I don't think that that weight distribution system is good for most applications, save maybe utility trailers and things like that. If you're looking for just a bare bone system for weight distribution, that might be the one to pick.My favorite one happens to be this one. I like the simplicity of the system. I like that we don't have a ton of moving parts, it's very quiet and you'll see in the customer reviews, this e2 system is very popular. I think the ease of set up is really nice.

A lot of customers wish they would have got it sooner, so they didn't have to deal with the chains and the pipes and counting links and those kind of things.Now, another common question that we get other than which system is going to be the right one for me is, what does it actually do Basically, when we hook up a camper, which you'll see when we do our measurements, the back end of our truck goes down. The front end of our camper goes down. That's less than ideal. We're putting excess strain on that rear suspension components. Generally, the front end of the truck rises a little bit. That gives us a lot of negative handling and braking effects. Changes our suspension geometry so we get weird tire wear, and we're also going to have our headlights tilted up slightly.On the trailer side, is that front end comes down and the tandem set up, you're putting more weight on the front axle. It's going to wear out more quickly in the tire and in the suspension area than what the rear axle will. So, when we set up a weight distribution system like this, we're basically creating at a connection point from our trailer up to our hitch.If you think about it like a wheelbarrow, it's essentially how it's going to work out. We lift our truck and trailer up so we can get our bar set, and then when we lower it back down, instead of it letting the back of the truck tilt down, it holds it up. It's going to hold it to where it's right back to that factory height. By doing that, it pushes those front wheels back down, so we return all those handling and safety characteristics that we need.By combining that with sway control, it keeps everything tracking down the road smoothly so if we have a cross wind, we don't have to worry about our trailer getting out of control and winding up in the median rolled over. The tractor trailer passes us or if we pass a tractor trailer, that sudden gust isn't going to cause us any issues.A lot of times in an improperly loaded trailer, even taking your foot off the gas as you crest a hill can cause sway to start. So it's an excellent idea not only to load your trailer properly to have proper tongue weight on it, but to incorporate sway control so you don't have any of those issues.Now, this sway control system in my mind is one of the better ones out there. I like the way the Trunnion bar slides on the bracket. It eliminates a lot of set up hassle, like trying to get cam levers on, you almost need two hands and you're with the train, that's with like the CURT TruTrack system. I like the way this one works a lot, especially when we compare this to a standard friction bar set up.A friction bar, you have to put it on each time you want to leave after you have everything hooked up, and then anytime you want to back up, you have to take it back off. That friction bar gives you about 40 pounds worth of sway control effort, whereas with this e2 system we're looking at closer to 400 pounds. So, we're getting almost 10 times the effect out of this system than what we would out of a sway control friction bar.Now I really like the overall construction of this system, too. I think it's going to be something that lasts for a good long time. All the powder coat on it looks really nice. All of our hardware is going to be nickel coated. Our spacers and that, once we have everything set, it's pretty straightforward. There's not a lot of adjustments to make. You might have to change slightly the amount of washers if you switch from trailer to trailer, but overall it's going to work out really well. You can see our Trunnion ends here, the Trunnion bars are really nice. Overall, I think this is going to stay looking good for a very long time.As far as service and maintenance goes, there's really not a whole lot to it. The biggest part is going to be right here at our Trunnions where they go into the head. By putting a little bit of grease in here and also in the top, you're just really going to help reduce any noise that you might have while the system's in operation, and we also have our keepers here. It's a good idea to keep those lubricated so they move freely for you.Now, before we go through the process of getting our measurements and doing all the installation and everything, it's important for you to pick the right weight setting for your application. Basically, the way we're going to get the tongue weight is going to be the weight of anything we have behind our rear axle and the tongue weight of our trailer. We want to combine those and that should be the TW rating.The GTW rating is going to be our Gross Trailer Weight rating. That's going to be the total weight of anything behind that rear axle, anything in the camper, and the weight of the camper and it should be loaded how you intend to haul it. You don't want to have an empty trailer with no water in the tank, and set it up that way because you're not going to have the effect once it does get loaded.So, get those measurements, or get those weights and pick a system that matches that. You'll know like with the 1,200 pound system here, our camper's only about 8,000, but this system works between eight and 1,200, so, when this gets water in the tank, it'll be up to that 84. It's going to be within that range. These go all the way down to like 450 pounds in tongue weight and 4,500 pounds in Gross Trailer Weight through those smaller applications, so, they really cover a wide range, and give you just about the perfect weight rating you're going to need for just about any situation.Now, while everything does look pretty normal here with the truck, these Ram 2500s really have a pretty good pitch-up to the back of them when they're unloaded, and right now we're running pretty level. So, what we're going to do is measure off the rear wheel here, just to see what kind of difference that we have before and after that pin weight goes on, and we can go from there.See, currently we're at about 41" here in the back. We're going to go up in the front, we'll measure the same thing there. Here we're at about 40-3/4". Here with our trailer unhooked or disconnected, look how much higher the back of that truck is sitting. That's where we want to get it back to. That's where it wants to be from the factory, so, using that weight distribution set up, we should be able to return this right back to where it started.Just to give us an idea, we we're at 41", we're now at 43-1/4". So, 2-1/4" higher here in the back. Our front was at 40-3/4", and see now it's back closer right down to 40, so half inch doesn't seem like a whole lot, but there's a lot of weight being put back down on that front end and that half inch.We've got everything kind of set up. We've got our camper nice and level. That's important, then we measure our coupler height. Basically that's going to be right to the top of the coupler here. We're going to use our shank. Now, this isn't a shank that's going to come with the kit since this truck is quite a bit higher than most common vehicles. We've had to use a drop shank.So, we've got the head installed here and you can see we have added our 2-5/16" ball. You'll need to pick up a ball with an 1-1/4" shank and we want this to be appropriate for your trailer. So, if you're going to be using a 2" coupler on your trailer, this should be 2", 2-5/16" you'll want 2-5/16" and we've got plenty of these available on our website. This one happens to be the EQUAL-I-ZER brand. I like this one over the other brands when using this style of set up because the shank is the appropriate length. You can see that we can get our large nut put on there and we can crush our washer so we don't have a lot of overhang down through there. So that's something I like there.Now, when setting the height of our ball we need that to match our coupler as closely as possible so these holes are an 1-1/4" of adjustable so we'll want to get it as close as we can to that, and you'll line up the holes in the shank. Once we have it where we want it, you're going to put one of the conical tooth washers on our bolt, and we're just going to loosely slide this in for now, and we also need to insert our rivet here with our washers on.Now, depending on your application, for longer wheel based trucks you're going to use six probably. You might add one more in there if need be. On shorter wheel based vehicles you're going to use five to start. You might need to add one in. You can see right down here on the back side there's an open hole so we'll take that. You're going to get that slid down in there, then we'll capture it so it won't come out, slide our bolt through, take my bottom bolt which I had in out for the washer on that, slide it through, place our washers on the other side, we'll just get our nut started.All right, with that in position and our bolts loosely secure for now, we've got our bolt right here. Now this is going to cause our head to come up and it's going to pinch that washer and rivet set up against the shank. So, we want to tighten it until it makes contact. All right, that's made contact so now what we need to do is go one half turn from there. So we'll go a quarter, and another quarter. So, we've got that set into place now, we've got our angle set on our ball. You can see there's a slight downward tilt to that, which is what we're looking for. Now let's turn to the tongue of the trailer and get our work done there.Now on the trailer side, you can see we've placed a mark right in the center of our coupler. Now, I need to mark from there back 30". That's going to be the center for our side bracket. We'll do that on both sides of our trailer. We're just going to create a square line there. Now, if 30" won't work, 30" is recommended. That's going to be the center of our bracket, so we'll have a little overhang this side, we'll have a little overhang this side. You can bring this in as much to 27 on center. You don't want to go any shorter than that, though, so definitely keep that in mind. This should be where it's going to work the best, somewhere between 30" on center which is ideal, as little as 27" on center, but the closer to 30 we get, the better.Now, for our clamps you can see we've taken one of our longer bolts there. You've got a lock washer and a nut on it. We're going to place that down over and we want our bolt to be dead center on our mark there, and then if we look we should be able to see our line coming right through the center of each of our holes there, place our other bolt in here on the bottom, and of course you're going to want to use the hole that most closely matches your frame, so if your frame is a little bit narrower this way than what ours is, you'll use one of the holes above it.Now just snug those down by hand ensuring that our line is going right through the middle of our holes there, then we do the same thing on the other side. Now as we keep our brackets in place we don't want these to move around at all. We need to tighten down our bolts here. These use a 19 millimeter or a 3/4". We want to tighten them down evenly from the top to the bottom. It's best to use a wrench on the back side because if you start turning this bolt, it wants to move our bracket a little bit so we'll use our wrench to tighten the nut first, and then once we have them down there pretty snug we can use our torque wrench to get that final torque measurement that'll be found in your instructions.Now we'll get our L-brackets put in place. They're going to slide right on the two welded on bolts there. For our initial set up we're going to use the middle two holes. We'll leave these two open and these two open. We may need to adjust it slightly later, just going to take our nylon lock nuts, going to thread those on and snug them down. Those will also use a 19. All right, we'll do that on both sides.Now, that's our side bracket set up. That's what we need to do on our trailer. Of course, we'll need to torque everything down once we have all of our set up done. But the only kind of real difference to that is going to be in a coupler style. This is a top mount coupler, you can see it's mounted to the top of the frame. If you have one of the trailers that has a bottom mount coupler, instead of us mounting these frame brackets so that these bolts we're closer to the top, those frame brackets would be flipped over.By flipping those over, we'll have that single hole at the bottom. We'll have our multiple holes up here at the top, and that's going to position these down lower so when we install our L-bracket, we'd install it the same way using those center holes, it would just be lower to accommodate for that coupler.Okay, now as we move onto this step in our set up, it's going to be getting everything kind of fine tuned. We'll want to use the table that we have here in the instructions, so the tow vehicle loaded for a trip but still uncoupled from trailer, the distance from the ground and the inside of that fender well which we saw earlier was 40". Once we coupled the trailer without weight distribution it came up to 40-3/4". What we're looking to get back to is the halfway point between those two. So that's going to be 40-3/8". So, that 40-3/8" is our target. That's the intended point we want to get back to, so we'll set it up and see how that goes.All right, now to get our Trunnion bars in place, you can see the little keeper tab right here. We're going to slide that up, place the bottom in, rotate the top in and then let that come back in behind it, and at that point we're going to bring our trailer, get it coupled to the truck here and we'll start making any adjustments we might need.All right, now we'll extend the jack. This is going to lift both the trailer and the truck up slightly. You can see as we do that, see how our Trunnion bars are getting closer to our brackets there This makes it a lot easier to get these things connected. Now we'll use our tool there, just going to get our Trunnion bars up into place, take our keys, we'll slide those down in and then use our provided clips to keep them in place. We'll do that on the other side as well.All right, now we've relaxed everything we've allowed with our weight distribution bars locked in place. We've taken all the weight you can see off of that trailer jack. Now we need to go check our measurements again. Front wheel first, we're looking to be at most 40-3/8". If we're not there, we need to add more washers in. If we're anywhere below 40, which is exactly where we started and that would be ideal, well then we need to take some washers out, but as long as we're between 40 and 40-3/8", it's going to be exactly what we want.Now, once we've confirmed we've got everything where we want it, we want to come back and torque down our L-brackets here that would be listed in your instruction, the torque you want to hit, and also get the main 3/4" bolts in our head torqued.All right guys, now back up here at the front, you can see we are right at 40". That's absolutely perfect. Anytime you're able to use a system and get right back to that measurement, that's ideal. But like we said, we had 3/8" there to play with, but I'm happy it's right where it's at. Now, in this particular set up with a Ram 2500, I think this is a 2018 model, we used the 1,200 pound kit, 1,200 pound arms and we used seven washers in there, so if you are going to be doing it on a 3/4" tongue, if it's pretty close to that, it's going to give you a good starting point.Here at the back, we're looking at about 42-3/4", so we're within about 3/4 of an inch of where we wanted that to be. We're putting less pressure on this rear end, it's going to save a lot of life in these rear suspension components. With that being said, I know it's a lot of information, but in my opinion and a lot of our customers opinions, this is an excellent way to go. Get the weight limit or the weight setting that's appropriate for your application. I think you'll be very happy with it.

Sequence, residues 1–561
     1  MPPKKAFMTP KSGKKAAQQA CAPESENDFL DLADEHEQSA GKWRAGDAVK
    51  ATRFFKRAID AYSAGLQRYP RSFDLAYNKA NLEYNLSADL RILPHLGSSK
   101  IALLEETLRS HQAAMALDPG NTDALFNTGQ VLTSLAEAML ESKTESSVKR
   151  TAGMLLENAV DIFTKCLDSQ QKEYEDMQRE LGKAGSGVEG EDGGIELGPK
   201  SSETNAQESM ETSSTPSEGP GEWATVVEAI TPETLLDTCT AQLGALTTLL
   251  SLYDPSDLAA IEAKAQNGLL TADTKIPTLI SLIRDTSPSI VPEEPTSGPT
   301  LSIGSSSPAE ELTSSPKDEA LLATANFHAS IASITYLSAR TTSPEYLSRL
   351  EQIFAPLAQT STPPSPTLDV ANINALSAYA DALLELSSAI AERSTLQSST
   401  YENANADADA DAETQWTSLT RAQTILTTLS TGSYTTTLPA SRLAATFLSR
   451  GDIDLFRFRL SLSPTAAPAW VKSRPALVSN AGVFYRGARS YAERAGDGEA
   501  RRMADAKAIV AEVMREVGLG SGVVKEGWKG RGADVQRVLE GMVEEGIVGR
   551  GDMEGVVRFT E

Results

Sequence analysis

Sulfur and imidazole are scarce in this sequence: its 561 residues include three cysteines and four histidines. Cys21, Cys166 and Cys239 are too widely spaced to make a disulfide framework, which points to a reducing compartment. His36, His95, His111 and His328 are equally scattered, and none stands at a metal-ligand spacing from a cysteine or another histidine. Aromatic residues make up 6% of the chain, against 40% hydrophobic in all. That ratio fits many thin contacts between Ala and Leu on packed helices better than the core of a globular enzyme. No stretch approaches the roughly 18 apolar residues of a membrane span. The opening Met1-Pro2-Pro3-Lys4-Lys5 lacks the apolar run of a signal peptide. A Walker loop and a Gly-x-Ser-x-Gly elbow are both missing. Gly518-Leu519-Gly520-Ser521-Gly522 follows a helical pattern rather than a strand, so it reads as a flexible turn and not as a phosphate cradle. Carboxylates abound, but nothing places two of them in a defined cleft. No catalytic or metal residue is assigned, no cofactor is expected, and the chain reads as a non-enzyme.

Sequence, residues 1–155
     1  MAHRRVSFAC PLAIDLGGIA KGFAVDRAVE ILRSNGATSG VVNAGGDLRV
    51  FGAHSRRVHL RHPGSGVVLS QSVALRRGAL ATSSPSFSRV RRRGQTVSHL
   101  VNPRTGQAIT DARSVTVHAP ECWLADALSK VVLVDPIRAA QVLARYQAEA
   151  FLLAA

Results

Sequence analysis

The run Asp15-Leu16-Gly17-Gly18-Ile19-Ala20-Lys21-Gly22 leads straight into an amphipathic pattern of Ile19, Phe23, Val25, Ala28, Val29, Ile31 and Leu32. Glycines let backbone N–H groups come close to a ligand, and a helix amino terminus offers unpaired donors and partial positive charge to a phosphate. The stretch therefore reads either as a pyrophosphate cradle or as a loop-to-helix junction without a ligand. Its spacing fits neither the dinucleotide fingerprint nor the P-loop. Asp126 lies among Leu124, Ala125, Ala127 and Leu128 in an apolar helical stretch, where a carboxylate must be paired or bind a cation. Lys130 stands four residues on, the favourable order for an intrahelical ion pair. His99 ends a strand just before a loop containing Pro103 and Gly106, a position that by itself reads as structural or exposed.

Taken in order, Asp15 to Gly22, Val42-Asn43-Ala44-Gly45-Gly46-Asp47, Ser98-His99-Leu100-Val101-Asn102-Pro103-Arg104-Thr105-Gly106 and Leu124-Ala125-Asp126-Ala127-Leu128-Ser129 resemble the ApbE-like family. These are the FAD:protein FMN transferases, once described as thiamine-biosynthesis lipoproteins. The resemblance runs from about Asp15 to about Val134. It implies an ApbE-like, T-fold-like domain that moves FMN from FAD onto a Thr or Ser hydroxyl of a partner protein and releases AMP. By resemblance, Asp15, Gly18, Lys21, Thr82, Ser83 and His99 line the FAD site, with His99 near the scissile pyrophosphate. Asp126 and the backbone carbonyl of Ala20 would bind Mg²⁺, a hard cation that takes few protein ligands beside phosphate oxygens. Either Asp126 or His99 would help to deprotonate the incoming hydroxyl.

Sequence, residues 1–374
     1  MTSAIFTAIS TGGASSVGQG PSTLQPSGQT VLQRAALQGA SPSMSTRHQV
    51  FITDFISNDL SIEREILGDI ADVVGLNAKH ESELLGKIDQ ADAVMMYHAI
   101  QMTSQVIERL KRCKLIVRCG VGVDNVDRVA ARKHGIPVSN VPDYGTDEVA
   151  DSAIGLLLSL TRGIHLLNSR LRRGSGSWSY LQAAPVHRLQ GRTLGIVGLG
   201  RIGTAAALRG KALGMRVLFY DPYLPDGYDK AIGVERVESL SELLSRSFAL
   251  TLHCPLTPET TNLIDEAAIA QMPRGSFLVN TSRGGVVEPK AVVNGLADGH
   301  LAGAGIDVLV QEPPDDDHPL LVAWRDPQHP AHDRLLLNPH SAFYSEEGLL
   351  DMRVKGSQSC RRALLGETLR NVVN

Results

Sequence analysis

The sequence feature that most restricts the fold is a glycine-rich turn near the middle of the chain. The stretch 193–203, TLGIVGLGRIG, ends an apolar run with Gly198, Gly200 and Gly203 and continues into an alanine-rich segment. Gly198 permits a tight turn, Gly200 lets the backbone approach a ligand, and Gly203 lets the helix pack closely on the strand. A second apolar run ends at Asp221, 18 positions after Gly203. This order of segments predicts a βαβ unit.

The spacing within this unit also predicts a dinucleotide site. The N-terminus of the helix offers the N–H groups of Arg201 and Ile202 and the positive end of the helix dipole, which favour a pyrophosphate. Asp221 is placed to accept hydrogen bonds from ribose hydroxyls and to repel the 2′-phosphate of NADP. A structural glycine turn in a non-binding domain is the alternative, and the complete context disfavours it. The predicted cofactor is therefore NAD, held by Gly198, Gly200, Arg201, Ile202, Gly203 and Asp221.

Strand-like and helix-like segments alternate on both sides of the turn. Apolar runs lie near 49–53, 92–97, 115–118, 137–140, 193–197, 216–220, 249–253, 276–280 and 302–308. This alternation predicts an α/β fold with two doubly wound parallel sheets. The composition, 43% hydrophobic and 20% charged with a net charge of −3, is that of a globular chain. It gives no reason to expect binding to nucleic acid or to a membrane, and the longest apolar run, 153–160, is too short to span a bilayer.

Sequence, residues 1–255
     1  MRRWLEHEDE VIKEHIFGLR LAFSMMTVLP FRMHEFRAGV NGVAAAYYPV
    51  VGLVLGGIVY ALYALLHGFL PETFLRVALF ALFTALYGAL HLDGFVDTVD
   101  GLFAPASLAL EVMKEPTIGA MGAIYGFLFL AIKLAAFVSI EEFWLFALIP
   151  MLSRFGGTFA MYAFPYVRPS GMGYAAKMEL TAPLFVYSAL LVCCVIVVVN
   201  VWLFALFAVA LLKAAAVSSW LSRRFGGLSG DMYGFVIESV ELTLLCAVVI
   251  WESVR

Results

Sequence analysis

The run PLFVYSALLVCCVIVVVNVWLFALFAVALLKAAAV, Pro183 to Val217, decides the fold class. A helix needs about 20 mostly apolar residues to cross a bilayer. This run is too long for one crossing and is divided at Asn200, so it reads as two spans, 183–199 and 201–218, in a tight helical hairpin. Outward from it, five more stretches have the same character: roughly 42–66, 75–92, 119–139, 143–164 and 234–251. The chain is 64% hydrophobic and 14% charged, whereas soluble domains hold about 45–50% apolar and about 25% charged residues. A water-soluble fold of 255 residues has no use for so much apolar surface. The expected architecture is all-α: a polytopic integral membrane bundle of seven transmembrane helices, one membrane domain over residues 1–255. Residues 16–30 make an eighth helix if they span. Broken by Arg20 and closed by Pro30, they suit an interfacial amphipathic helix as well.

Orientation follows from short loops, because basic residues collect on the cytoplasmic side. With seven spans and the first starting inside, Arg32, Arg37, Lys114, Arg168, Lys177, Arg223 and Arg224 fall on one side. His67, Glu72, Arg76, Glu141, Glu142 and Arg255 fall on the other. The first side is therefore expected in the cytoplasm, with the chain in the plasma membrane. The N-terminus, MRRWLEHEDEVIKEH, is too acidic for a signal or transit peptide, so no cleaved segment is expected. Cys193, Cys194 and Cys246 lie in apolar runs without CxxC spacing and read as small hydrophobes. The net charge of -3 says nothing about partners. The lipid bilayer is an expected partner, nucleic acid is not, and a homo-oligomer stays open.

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Cole B
Installed by:
Randy B
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Chris R
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Shane H